- After his conviction, Manafort agreed to a plea deal with prosecutors in DC, to avert that pending second trial. In the plea, he admitted all the charges against him were true, agreed to forfeit millions of dollars in assets, and committed to cooperating with the government.
- But in November, after Manafort had met 12 times with the government and appeared twice before Mueller’s grand jury, the government announced that they believed he’d breached his plea agreement by repeatedly lying to them on several different topics. And last month, Jackson sided with the government on most of those accusations.
- So now, Ellis and Jackson have both handed down their sentences — 47 months from Ellis, and 73 months from Jackson. However, 30 months of that will be served concurrently — meaning the sentence ends up being 90 months in total.
What Manafort is actually being sentenced for
The charges against Manafort in Virginia were in two parts. First, they alleged that in the years before he joined the Trump campaign, he’d gotten paid millions for his work for Ukrainian politicians. The, he moved $30 million of that money from foreign shell companies into the US — but he didn’t disclose this income on his tax forms, pay taxes on it, or fill out legally required disclosures of his foreign accounts. For all this, he was convicted on five tax charges and one failure to declare foreign accounts charge.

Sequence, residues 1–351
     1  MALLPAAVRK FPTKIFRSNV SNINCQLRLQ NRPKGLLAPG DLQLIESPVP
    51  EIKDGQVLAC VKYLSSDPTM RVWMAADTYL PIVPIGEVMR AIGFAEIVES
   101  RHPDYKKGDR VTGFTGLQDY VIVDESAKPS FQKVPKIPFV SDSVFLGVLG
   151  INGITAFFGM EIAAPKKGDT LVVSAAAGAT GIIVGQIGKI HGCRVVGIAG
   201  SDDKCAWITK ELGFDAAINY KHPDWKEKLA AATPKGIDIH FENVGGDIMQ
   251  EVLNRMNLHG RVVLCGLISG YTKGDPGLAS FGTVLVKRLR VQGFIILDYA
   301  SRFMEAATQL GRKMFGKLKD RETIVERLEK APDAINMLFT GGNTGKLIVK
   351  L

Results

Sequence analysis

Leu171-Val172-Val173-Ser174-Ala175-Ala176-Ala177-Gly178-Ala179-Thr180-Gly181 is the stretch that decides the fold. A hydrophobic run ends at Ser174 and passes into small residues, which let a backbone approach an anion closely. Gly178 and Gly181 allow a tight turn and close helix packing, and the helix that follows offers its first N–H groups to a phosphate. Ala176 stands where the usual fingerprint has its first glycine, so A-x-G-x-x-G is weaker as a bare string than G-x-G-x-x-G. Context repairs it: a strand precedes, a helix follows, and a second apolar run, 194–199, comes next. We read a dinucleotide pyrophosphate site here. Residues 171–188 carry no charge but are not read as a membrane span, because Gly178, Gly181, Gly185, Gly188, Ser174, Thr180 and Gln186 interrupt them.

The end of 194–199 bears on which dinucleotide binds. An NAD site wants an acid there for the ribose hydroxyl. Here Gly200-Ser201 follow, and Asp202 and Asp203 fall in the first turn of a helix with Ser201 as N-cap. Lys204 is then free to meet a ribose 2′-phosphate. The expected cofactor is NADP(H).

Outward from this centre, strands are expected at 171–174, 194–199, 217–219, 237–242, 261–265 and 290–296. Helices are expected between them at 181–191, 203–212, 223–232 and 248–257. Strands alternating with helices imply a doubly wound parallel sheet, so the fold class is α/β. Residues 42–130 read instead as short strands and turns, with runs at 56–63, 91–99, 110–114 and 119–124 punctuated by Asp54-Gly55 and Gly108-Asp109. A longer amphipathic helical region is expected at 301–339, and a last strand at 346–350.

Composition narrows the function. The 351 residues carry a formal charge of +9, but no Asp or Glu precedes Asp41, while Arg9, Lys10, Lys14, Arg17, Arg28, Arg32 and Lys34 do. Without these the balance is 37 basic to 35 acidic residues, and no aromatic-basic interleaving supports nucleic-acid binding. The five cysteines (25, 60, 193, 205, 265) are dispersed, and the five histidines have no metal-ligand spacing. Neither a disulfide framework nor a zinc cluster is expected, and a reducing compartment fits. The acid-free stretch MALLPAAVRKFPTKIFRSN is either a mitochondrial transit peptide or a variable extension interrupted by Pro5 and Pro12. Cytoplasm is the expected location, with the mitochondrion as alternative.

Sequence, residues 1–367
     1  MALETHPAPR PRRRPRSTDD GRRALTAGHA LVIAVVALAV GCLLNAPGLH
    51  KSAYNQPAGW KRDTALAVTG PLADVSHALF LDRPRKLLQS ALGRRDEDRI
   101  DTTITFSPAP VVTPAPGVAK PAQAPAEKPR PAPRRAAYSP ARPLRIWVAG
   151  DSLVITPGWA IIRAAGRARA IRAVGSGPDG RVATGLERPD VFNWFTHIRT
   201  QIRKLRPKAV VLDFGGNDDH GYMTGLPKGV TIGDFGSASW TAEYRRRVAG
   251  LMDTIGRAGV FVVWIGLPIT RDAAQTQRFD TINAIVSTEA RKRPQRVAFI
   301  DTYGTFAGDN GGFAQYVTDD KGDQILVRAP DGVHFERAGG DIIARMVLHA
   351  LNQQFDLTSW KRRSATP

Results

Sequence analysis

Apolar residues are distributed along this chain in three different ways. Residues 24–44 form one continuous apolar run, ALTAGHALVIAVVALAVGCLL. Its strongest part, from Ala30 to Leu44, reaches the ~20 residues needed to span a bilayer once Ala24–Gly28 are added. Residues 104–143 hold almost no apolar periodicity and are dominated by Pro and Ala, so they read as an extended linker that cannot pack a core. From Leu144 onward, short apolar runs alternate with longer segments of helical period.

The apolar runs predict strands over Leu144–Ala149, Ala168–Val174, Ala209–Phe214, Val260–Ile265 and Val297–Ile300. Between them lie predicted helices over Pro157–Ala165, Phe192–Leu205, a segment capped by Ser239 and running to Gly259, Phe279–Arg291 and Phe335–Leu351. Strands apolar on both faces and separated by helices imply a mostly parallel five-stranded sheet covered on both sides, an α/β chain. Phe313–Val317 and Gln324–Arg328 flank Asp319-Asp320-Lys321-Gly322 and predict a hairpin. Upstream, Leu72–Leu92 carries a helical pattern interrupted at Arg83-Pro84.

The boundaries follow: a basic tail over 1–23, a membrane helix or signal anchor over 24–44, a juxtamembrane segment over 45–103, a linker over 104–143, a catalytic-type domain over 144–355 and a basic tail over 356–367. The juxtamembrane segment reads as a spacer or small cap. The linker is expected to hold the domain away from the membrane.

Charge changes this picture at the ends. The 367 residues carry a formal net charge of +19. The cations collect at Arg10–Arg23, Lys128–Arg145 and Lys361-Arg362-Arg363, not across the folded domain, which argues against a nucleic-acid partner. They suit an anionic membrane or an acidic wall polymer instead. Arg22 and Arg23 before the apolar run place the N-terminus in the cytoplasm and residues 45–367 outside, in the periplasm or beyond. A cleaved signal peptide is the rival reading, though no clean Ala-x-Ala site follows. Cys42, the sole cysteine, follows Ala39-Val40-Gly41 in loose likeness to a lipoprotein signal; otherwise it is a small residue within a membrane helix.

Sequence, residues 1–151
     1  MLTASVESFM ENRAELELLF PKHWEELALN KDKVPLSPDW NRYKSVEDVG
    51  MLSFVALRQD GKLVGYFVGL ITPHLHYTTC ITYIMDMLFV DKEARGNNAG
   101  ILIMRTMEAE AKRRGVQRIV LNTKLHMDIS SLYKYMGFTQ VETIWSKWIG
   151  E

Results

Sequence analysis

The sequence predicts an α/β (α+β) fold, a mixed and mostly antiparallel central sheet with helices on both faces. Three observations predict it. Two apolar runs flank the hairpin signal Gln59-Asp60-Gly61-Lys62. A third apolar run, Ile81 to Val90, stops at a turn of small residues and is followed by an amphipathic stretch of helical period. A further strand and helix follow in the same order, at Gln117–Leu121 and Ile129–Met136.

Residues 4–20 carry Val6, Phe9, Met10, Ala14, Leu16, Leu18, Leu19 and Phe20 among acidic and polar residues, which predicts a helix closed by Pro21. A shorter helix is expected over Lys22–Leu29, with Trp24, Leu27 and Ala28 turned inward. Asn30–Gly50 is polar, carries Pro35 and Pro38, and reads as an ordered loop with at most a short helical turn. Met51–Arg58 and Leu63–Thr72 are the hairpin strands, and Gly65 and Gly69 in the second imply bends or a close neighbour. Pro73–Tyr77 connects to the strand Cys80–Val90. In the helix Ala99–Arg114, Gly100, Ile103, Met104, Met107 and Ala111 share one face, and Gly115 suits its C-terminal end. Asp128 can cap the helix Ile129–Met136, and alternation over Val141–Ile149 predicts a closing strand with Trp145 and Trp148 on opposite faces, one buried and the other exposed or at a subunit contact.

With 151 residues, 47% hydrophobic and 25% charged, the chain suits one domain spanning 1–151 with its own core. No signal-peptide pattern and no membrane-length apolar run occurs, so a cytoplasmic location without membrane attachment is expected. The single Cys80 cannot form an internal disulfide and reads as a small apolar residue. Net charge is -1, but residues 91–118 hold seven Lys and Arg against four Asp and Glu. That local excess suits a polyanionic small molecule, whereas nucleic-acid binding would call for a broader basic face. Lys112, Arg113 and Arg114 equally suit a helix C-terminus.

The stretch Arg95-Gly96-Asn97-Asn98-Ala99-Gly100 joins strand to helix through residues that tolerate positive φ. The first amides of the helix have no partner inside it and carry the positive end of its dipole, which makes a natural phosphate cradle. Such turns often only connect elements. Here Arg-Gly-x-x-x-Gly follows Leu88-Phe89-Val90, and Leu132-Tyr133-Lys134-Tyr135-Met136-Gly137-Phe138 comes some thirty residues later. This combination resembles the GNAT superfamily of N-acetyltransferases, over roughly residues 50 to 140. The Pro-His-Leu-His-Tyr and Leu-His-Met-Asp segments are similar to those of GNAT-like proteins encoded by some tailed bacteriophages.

Second, Mueller’s team focused on what Manafort allegedly did once he lost his Ukrainian income after the country’s president was deposed. They claimed he tried to conjure up more cash via bank fraud — and was convicted on two counts for that.
Then in the District of Columbia, Manafort eventually pleaded guilty to a broad “conspiracy against the United States” — in which he admitted unregistered lobbying and money laundering related to the Ukraine work — as well as “conspiracy to obstruct justice” (his attempts to get witnesses to stick to a false story about that work). He also admitted to the truth of all the Virginia charges filed against him.